Reduced central nervous system activity has its own set of potentially fatal and outright risky side effects, so watch out. Avoid mixing the two at all costs. When you mix alcohol and Xanax, you can end up experiencing the following:

  • Coma
  • Death
  • Vertigo
  • Nausea
  • Anxiety
  • Fainting
  • Seizures
  • Delirium
  • Slow pulse
  • Irritability
  • Drowsiness
  • Memory loss
  • Slurred speech
  • Slow breathing
  • Impaired coordination

It’s never a good idea to mix alcohol with Xanax or drinking while taking Xanax because of these side effects in mind. Whether you’re washing down your Xanax pills with wine, beer, or any other type of alcoholic beverage, you should combine them in any way, especially if you’re overdosing or binging on both. It’s a death wish to do so and not worth the extreme relaxation you’ll experience.

Can You Overdose on Xanax?

Can you overdose on Xanax? Can a person actually die from it? These are some of the most frequently asked questions about this drug. Party animals who are considering mixing alcohol with Xanax for a more potent buzz might want to read this part carefully: Even if alcohol isn’t mixed with Xanax, you can face a handful of risks and health issues by abusing Xanax alone. Don’t think that it’s only a danger when mixed with other drugs.

When you take this medication in bigger doses than recommended or for a much longer time than prescribed, you can become addicted to it. As you chase the depressant relaxation you can get from it, you can in turn run the risk of becoming overdosed. The “good” news is that to overdose on Xanax you need a ton of it. However, you’re likelier to overdose on Xanax with a lesser amount of it when you combine it with depressants or alcohol.

This is because these other depressants—and alcohol is technically part of that family—compound the effects of Xanax such that it seems like you’re taking more than what you’ve consumed. At any rate, you might end up overdosing on Xanax if you have the following symptoms:

  • Coma
  • Fainting
  • Confusion
  • Blurred vision
  • Lightheadedness
  • Muscle weakness
  • Difficulty breathing
  • Extreme drowsiness
  • Loss of balance or coordination

Call 911 in the U.S. or your respective emergency number if you or someone you love experiences these overdose symptoms after taking too much Xanax or after mixing Xanax with alcohol or other depressants.

Dead body with toe tag, suicide by drug overdose and alcohol

Getting Help During an Emergency

Seek help immediately when you or someone else has ended up ingesting alcohol with Xanax with troubling regularity. You should go to an addiction treatment facility post-haste. Treating co-occurring addiction with Xanax and alcohol typically needs a period of detoxification that’s medically monitored. You want both substances out of your system ASAP in places like a local rehab facility or at Lanna Rehab in Chiang Mai, Thailand if you want a vacation feel when it comes to your addiction treatment.

  • Xanax and Alcohol Dependence: You might be dependent or addicted to both Xanax and alcohol if you’ve been abusing them by mixing them together or even taking them separately. If you feel like you can’t live without taking another drink or pill then it’s time to go to rehab to sort things out with your life. The rehab center is mostly responsible for treating any withdrawal symptoms you might have when you stop taking these depressants.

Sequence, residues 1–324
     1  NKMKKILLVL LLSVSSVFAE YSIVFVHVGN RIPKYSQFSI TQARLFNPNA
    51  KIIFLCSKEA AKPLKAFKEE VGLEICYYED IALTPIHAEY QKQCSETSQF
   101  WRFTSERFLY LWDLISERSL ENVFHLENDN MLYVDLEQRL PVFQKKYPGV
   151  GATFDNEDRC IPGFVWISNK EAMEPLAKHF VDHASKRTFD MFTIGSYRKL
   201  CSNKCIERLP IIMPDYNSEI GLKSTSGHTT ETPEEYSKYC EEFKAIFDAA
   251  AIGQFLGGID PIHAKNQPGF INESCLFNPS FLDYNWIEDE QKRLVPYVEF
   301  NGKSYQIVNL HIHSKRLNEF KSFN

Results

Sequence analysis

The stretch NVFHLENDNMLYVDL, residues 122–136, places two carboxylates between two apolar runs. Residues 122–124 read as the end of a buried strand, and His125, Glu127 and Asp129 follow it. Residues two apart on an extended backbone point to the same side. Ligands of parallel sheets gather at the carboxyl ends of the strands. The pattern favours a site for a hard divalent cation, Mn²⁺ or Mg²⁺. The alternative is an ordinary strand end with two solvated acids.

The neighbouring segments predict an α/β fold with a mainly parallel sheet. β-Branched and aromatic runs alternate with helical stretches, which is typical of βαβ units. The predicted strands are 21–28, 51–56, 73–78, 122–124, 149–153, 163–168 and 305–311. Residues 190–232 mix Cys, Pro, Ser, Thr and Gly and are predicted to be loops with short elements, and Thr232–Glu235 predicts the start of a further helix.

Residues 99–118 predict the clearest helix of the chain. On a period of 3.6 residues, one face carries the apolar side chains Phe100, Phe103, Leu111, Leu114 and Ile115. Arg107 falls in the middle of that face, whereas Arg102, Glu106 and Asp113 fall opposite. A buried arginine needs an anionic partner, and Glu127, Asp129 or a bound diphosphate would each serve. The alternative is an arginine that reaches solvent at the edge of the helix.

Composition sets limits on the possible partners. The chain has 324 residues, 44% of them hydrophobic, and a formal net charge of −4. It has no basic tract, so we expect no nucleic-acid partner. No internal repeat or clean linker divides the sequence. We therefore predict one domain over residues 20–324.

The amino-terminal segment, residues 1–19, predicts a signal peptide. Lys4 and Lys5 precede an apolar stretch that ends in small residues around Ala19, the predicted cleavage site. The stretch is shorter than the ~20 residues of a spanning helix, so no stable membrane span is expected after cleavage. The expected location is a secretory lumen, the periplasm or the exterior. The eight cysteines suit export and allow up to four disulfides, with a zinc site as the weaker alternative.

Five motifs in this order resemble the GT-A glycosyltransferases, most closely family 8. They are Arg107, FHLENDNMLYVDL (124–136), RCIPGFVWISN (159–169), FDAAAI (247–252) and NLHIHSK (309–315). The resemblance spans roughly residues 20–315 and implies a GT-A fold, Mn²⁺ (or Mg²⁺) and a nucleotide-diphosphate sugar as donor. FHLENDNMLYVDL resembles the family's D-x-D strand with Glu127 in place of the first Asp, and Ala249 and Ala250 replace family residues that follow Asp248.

• About Withdrawal Symptoms: Withdrawal symptoms for both alcohol and Xanax range from dangerous medical conditions that can be fatal to mild discomfort. Attempting to quit cold turkey or to do self-detoxification at home like it’s a do-it-yourself kind of project isn’t recommended. This is especially true if you’ve been using alcohol and/or Xanax for an extended period of time. Alcoholics that binge drink or are heavy drinkers as well as people who’ve been using Xanax for a long time should be wary.
  • Breathing Problems and Nervous System Depression: Essentially, both alcohol and Xanax depress your central nervous system. In turn, it’s the system that takes care of your breathing, so breathing problems are among the issues you face when taking both Xanax and alcohol together. You can end up having slow and shallow breathing that can result in death. Taking in alcohol and Xanax excessively can also exacerbate breathing issues such as asthma.
  • The First Step to Recovery: The first step towards recovery from alcohol and Xanax mixing addiction is getting the help you need. You shouldn’t be ashamed of admitting that you’re struggling because pride comes before the fall. If you know where to look you’ll see that there are people all around you who love you and want to help you. You also want to end up sober and clean because it will lead you to a happier, better, and healthier life that doesn’t depend on the rickety crutches of substance abuse that sets you up towards falling to your doom.

Treatment Options For Xanax and Alcohol Addiction

Xanax’s primary effects as well as side effects can escalate when you take other depressant drugs or alcohol, mostly because it’s like you’re overdosing with depressants all in all. This in turn could cause things like clumsiness, weakness, fatigue, and severe drowsiness. Your risk for unconsciousness, breathing difficulties, and unintentional death also rises significantly by letting these drugs interact with one another.

With that in mind, here are your treatment options for Xanax and alcohol addiction rehabilitation.

  • Medically Assisted Detoxification: Going to a rehab center in order to undergo medically assisted detoxification can assist in reducing the risk of dangerous symptoms for withdrawal and side effects, particularly the ones that are potentially fatal. This is because you’re monitored 24/7 by a team of medical professionals. If it’s required, you will even be offered medications to alleviate the withdrawal pangs, urges, and impulses that might otherwise lead to relapse. They can also minimize the more dangerous of these symptoms.
  • Outpatient Addiction Treatment Program: You have the option to undergo a 12-step outpatient rehab program wherein you undergo group therapy with fellow addicts and ex-addicts in order to overcome your alcoholism or Xanax addiction. This comes in the form of Alcoholics Anonymous and Narcotics Anonymous. They’re much more flexible than inpatient programs at centers because you can simply attend meetings and progressively get over your addictions while still keeping up with your everyday life involving school, work, and/or family obligations.